I was chatting with my brother about my recent attempts at satellite tracking, and he expressed the opinion that it would be nice to present some of the details about how I actually figure out where satellites are. I’m not sure that my methodology is particularly noteworthy, but here’s what I use:
There are lots of great programs for Windows to do satellite tracking (I’ll try to dig up some links for some and post them later), but I am sworn never to use Microsoft operating systems again, so I needed a different solution. I use a fairly low tech solution, namely the predict software by John A. Magliacane, KD2BD. It’s a open source program that was developed under Linux and released under the GPL. It’s pretty straightforward, so it shouldn’t be hard to port it to any unix-like operating system. There are even fancy front ends which create fancy X11 displays. Me, I mostly use the classic curses version. It’s quick, and I can run it on any of the machines I’m likely to have handy, or can ssh to in a pinch.
All these programs require a set of orbital elements, which are basically a set of numbers that define the orbits of satellites. These numbers are available from a number of sources: I fetch them automatically using a simple cron job on my unix box so they are always up to date. For instance www.celestrak.com/NORAD/elements/amateur.txt always contains the most recent orbital elements for amateur satellites. Similarly, there are links for visually observable satellites, weather satellites, and the Space Shuttle (if up) and the ISS. The format of these files is pretty simple: each satellite is defined by three lines, the first containting the name, and the second and third containing a bunch of numbers that define the orbit. To make
predict use these, create a file called predict.tle in your ~/.predict directory that contains up to 24 of these satellites. That’s pretty much it. When you run predict for the first time, it will ask you where on the earth you are (lat, long, and altititude), and then present you with a menu that allows you to do a bunch of interesting stuff, like predict passes for a particular satellite, show details of a single satellite, or the current position of all the satellites. It’s pretty simple really.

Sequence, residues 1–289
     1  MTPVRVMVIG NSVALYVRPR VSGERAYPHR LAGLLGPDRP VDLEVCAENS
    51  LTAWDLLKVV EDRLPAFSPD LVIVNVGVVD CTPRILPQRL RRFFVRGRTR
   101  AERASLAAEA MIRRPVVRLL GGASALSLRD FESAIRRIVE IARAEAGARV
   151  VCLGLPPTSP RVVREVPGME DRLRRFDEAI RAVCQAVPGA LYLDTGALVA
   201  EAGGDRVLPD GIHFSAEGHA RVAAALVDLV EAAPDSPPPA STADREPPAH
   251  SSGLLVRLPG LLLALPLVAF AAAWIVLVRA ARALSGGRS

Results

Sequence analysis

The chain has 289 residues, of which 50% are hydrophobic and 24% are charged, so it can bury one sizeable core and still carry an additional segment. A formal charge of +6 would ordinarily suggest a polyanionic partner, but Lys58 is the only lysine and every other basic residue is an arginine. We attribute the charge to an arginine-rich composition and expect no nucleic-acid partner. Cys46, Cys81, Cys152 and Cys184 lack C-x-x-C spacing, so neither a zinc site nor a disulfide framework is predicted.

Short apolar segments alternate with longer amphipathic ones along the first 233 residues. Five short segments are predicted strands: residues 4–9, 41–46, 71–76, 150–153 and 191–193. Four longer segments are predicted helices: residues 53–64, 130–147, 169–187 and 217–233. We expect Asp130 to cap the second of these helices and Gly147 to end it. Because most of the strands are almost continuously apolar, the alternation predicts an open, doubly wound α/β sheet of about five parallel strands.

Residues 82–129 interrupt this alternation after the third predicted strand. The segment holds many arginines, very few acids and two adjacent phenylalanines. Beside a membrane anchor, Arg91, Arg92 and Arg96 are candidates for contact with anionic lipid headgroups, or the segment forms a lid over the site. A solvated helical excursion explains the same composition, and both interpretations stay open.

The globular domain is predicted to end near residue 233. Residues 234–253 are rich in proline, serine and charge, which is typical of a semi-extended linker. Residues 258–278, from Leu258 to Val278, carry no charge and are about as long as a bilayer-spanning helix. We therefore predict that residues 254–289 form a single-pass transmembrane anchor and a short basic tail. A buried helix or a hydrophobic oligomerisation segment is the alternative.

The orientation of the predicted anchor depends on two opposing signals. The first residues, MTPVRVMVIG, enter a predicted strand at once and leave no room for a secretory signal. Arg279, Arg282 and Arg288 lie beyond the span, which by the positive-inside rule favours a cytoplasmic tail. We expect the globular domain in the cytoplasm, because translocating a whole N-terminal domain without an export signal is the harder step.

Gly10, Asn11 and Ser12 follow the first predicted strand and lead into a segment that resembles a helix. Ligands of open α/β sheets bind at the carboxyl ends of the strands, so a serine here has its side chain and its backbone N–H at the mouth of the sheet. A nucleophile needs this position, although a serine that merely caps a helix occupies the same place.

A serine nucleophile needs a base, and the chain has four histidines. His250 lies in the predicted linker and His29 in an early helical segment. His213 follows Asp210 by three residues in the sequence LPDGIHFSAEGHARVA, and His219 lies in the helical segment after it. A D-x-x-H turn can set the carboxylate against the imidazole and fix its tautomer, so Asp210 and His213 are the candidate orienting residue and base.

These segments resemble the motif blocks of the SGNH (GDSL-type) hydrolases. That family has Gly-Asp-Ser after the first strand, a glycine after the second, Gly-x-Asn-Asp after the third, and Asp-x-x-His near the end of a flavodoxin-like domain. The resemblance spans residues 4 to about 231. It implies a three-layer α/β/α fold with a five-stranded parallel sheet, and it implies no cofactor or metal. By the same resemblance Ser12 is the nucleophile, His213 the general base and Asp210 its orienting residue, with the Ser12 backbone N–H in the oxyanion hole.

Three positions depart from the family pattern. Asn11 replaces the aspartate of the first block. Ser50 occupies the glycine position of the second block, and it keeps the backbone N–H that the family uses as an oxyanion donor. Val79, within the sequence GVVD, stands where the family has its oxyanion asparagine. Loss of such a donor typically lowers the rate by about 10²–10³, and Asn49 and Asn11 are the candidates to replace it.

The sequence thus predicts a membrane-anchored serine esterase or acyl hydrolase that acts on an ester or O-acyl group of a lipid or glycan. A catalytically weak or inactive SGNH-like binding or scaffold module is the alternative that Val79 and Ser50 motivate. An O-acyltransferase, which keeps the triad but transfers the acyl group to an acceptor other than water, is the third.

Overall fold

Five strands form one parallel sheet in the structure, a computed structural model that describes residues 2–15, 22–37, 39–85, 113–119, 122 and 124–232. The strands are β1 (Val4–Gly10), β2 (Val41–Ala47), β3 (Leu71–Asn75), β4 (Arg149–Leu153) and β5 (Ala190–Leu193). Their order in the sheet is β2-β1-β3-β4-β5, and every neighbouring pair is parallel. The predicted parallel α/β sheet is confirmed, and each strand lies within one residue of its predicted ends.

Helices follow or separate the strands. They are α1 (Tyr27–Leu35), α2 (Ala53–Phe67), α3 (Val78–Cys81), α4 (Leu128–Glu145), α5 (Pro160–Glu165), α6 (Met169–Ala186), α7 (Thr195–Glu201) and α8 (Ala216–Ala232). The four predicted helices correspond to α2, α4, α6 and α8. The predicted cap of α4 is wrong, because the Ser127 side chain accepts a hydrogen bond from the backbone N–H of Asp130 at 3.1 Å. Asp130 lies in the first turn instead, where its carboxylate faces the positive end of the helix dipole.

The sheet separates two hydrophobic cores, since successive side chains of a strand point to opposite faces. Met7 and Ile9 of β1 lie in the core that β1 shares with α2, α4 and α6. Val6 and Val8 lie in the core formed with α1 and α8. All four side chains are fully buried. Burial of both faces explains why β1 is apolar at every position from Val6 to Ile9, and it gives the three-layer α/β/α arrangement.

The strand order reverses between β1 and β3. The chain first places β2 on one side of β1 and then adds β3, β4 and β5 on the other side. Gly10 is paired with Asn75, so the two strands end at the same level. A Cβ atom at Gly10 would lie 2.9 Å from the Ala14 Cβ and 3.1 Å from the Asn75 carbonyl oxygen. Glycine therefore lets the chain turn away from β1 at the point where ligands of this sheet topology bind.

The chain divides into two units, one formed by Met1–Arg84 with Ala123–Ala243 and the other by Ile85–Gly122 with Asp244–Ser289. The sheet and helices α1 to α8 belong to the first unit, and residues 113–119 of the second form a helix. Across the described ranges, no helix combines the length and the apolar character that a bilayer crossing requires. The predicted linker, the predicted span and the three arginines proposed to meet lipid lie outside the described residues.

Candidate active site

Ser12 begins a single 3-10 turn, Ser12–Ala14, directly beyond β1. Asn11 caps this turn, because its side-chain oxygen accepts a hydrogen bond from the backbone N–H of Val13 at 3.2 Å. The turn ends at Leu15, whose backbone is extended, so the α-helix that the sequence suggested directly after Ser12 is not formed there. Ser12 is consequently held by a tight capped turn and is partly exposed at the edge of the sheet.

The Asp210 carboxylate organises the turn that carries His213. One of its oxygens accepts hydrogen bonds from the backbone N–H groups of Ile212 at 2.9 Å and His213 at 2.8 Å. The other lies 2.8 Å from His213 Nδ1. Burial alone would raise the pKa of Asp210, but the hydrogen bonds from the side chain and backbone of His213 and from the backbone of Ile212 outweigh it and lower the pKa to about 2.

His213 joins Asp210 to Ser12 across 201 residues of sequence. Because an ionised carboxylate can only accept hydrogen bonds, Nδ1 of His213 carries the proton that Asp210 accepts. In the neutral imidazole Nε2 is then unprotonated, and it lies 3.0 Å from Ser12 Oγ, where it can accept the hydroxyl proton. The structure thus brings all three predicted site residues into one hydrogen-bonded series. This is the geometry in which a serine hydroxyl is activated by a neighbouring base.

For instance: here is the multi satellite tracking display that I get. Most of the satellites are amateur satellites that are worth tracking.
If you look carefully, you’ll see that AO-58 is currently up (it has a positive elevation). If you shift to the single satellite display, you can get more detailed information, that looks like this:
Of particular use to the radio amateur are things like the RX frequency, youll see it is a bit above the nominal downlink frequency. Because it is approaching, the beacon is Doppler shifted up in frequency, and you have to tune high to hear it. You can also see that the distance to the satellite is about 676 miles, and that the path loss to the satellite is about 146db.
This is all useful for interactive use, but you can also get some details about a pass of a satellite using the “P” or predict command. For instance, today’s tracking of the packet satellite NO-44 gives the following:
The next pass begins at 18:UTC, and begins at azimuth 239 (south west). It reaches a maximum elevation of 25 degreees about 7 minutes later, at around azimuth 300, and then we get loss of signal at 18:53, almost due north at azimuth zero.
This program has a number of additional capabilities, such as being able to predict the position of the sun, the moon, and visible passes of satellites. If you are looking for something more glorious, you can try installing the gpredict package on your Linux box:
If you are using Windows, there are some great options, the one that seems the nicest that I’ve seen recommended is Orbitron, which has the added advantage of being free (the author just wants you to send him a postcard). Try it out.
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